A few weeks ago I threw my two-cents out there about mentors. How to have one. What to look for. How to not ask someone to be your mentor and make it feel like you are asking them to the prom. And get rejected. AWWWKWARD!
Having a mentor is important yet can be rather difficult to find; in a creative industry dominated by women. If you want someone to be your mentor, chances are they are extremely busy. They are successful. They are a master at their craft. You don’t want someone to be your mentor who sits on their couch all day and isn’t moving and shaking in their field. It can be a mom-to-mom-mentorship, a business mentorship, a blogging mentorship. It’s dang HARD to find success in whatever you are doing without a mentor. Mentorships are crucial.
If you are searching for the perfect mentor – start with who you know. – More on that here.
Recently during a message at our Church they mentioned mentoring and I grabbed a nugget of advice from the panel of High School Students doing a quick Q&A with our lead Pastor and his wife. “If you have a mentor you would like to work with here is my best advice: GIVE BACK TO THEM.”
If you mentor is local, drop by a meal or help them set up their Antique Show Event without asking for anything in return. Ask if you can guest post for them. If they paint a lot of projects, help them paint. And here is the part that has been so hard for me to wrap my mind around. Do this for free. No compensation. Nada.
My friend Cara, from The Little Golden Fox, drove all the way from Madison, IN to Pike Road, Alabama to help Miss Mustard Seed at The Chapel Market Antique Fair recently. She drove 519 miles to help her sweep floors, check her customers out, and just be available to help during a chaotic day of sales.
And I secretly wondered if I was the only selfish person who thought: WHY. IN. THE. HELL. would Cara do this for free? Why would Marian not compensate her?
Now it makes sense. Because she was able to learn so much in the process. I haven’t spoke to Cara about this but I can only imagine what you could learn from working with Miss Mustard Seed at an Antique Fair.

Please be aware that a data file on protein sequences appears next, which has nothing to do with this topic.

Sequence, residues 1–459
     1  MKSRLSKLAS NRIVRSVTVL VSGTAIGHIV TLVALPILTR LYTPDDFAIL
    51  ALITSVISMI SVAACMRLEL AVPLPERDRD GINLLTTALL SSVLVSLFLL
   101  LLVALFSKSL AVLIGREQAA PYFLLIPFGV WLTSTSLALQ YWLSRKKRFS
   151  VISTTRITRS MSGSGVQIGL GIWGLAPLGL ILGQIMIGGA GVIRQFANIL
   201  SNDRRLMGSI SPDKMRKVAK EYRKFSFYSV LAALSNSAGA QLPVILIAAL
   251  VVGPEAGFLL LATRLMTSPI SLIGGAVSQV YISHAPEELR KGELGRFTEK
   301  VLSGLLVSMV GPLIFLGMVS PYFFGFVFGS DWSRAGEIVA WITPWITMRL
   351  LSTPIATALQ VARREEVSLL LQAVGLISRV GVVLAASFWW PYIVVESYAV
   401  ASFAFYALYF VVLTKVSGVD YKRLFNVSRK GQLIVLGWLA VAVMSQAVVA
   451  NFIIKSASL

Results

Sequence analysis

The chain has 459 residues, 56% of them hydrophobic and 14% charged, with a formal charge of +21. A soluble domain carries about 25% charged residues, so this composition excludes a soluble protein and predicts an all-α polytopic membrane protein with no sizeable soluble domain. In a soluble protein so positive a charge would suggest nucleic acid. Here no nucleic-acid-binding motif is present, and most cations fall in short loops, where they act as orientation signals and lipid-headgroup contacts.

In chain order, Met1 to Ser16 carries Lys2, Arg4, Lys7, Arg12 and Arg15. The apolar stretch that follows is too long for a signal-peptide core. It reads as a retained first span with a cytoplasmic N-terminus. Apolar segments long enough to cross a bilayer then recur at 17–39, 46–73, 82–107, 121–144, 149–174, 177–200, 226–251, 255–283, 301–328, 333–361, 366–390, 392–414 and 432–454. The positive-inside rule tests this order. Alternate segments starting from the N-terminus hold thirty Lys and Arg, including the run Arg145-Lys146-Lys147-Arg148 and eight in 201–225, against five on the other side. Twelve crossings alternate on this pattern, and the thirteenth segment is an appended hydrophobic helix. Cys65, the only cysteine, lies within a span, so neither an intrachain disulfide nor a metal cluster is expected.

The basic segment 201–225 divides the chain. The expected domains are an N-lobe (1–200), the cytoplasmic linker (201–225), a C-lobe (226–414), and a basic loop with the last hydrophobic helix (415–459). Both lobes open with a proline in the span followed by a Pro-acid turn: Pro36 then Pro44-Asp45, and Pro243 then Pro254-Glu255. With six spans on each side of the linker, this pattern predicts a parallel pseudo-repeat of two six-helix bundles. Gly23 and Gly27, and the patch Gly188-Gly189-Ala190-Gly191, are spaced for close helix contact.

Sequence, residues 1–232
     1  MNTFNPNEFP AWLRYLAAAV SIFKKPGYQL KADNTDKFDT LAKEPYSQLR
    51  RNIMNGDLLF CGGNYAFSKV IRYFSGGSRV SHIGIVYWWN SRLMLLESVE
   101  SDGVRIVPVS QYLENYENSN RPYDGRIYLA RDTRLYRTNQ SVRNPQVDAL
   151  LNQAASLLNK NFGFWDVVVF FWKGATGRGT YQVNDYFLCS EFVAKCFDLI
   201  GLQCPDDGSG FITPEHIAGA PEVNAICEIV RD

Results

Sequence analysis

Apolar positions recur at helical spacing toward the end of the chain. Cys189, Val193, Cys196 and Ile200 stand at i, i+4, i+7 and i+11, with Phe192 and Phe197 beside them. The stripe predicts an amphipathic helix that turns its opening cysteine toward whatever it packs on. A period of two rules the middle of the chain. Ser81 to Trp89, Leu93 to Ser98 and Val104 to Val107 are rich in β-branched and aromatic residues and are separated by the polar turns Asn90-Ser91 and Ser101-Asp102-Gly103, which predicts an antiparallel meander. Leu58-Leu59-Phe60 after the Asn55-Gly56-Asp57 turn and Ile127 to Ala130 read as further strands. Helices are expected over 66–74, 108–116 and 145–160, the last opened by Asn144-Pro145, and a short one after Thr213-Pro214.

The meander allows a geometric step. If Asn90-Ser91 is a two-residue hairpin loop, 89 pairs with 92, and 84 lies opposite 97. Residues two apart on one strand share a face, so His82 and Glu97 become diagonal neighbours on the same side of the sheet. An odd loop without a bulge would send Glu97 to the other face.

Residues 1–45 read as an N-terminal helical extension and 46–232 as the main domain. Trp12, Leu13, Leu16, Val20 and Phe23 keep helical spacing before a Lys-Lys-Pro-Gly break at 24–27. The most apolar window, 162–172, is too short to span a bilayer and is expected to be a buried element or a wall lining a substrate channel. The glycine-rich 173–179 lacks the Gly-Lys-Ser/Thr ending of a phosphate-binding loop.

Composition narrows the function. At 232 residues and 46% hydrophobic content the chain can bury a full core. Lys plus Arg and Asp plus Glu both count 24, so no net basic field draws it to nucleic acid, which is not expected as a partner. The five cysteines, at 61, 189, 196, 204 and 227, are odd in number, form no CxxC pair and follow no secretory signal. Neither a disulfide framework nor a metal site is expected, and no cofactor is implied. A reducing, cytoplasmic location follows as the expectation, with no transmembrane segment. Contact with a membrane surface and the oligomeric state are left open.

The displays. The Pricing. The merchandise – what’s hot and what’s not. The interactions with customers.
I then remembered I did the same thing at Haven this past summer. I went the the Advanced Furniture Painting Class early to help Marian and Shaunna set up. I wish I could say it was 100% out of the kindness of my heart. But I really wanted to learn from them. I wanted to glean some inspiration from their techniques. Their set-up. Their attitudes about teaching. And then maybe 25% of it was kindness. Hey, at least it wasn’t 0% kindness, right?
I have had many offers from customers wanting to just stay and help me with a project. I have even had some offers to for unpaid interns. I should have jumped at the chance to do so! But I didn’t. I declined those offers and I am sad I did. At the time it didn’t feel right not to pay someone for their time and talent. But what I didn’t realize is that those women were looking for a mentor. Not someone who was looking to give away their talents for free. They genuinely wanted to learn from me.
So the moral to the story is: If someone wants to work for you for free – say yes. Not out of greed – but out of the pure joy in helping mentor someone along their own journey. And if someone won’t let you work for free (like a ding dong like me!) Remind them that it’s not free because you are gaining knowledge that took them years to define. And if they still decline. Well, they are not secure enough in their talents to share them with others.
And if you are looking for a mentor – give your time – you will both learn something in the process. For those of you I have turned down in the past. Come on over. I would welcome you with open arms!
How do you feel about giving your time to receive a mentorship? It is breaking labor laws or feeding a labor of love?